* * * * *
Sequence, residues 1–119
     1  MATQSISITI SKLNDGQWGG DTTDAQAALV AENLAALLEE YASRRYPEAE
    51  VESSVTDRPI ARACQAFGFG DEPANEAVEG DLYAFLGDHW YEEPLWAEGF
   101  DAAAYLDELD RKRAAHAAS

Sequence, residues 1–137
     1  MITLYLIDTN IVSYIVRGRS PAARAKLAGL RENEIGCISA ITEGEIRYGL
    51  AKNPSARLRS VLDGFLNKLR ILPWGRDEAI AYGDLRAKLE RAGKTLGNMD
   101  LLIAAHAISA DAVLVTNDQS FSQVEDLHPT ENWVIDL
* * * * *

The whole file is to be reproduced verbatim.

Sequence, residues 1–119
     1  MATQSISITI SKLNDGQWGG DTTDAQAALV AENLAALLEE YASRRYPEAE
    51  VESSVTDRPI ARACQAFGFG DEPANEAVEG DLYAFLGDHW YEEPLWAEGF
   101  DAAAYLDELD RKRAAHAAS

Sequence, residues 1–137
     1  MITLYLIDTN IVSYIVRGRS PAARAKLAGL RENEIGCISA ITEGEIRYGL
    51  AKNPSARLRS VLDGFLNKLR ILPWGRDEAI AYGDLRAKLE RAGKTLGNMD
   101  LLIAAHAISA DAVLVTNDQS FSQVEDLHPT ENWVIDL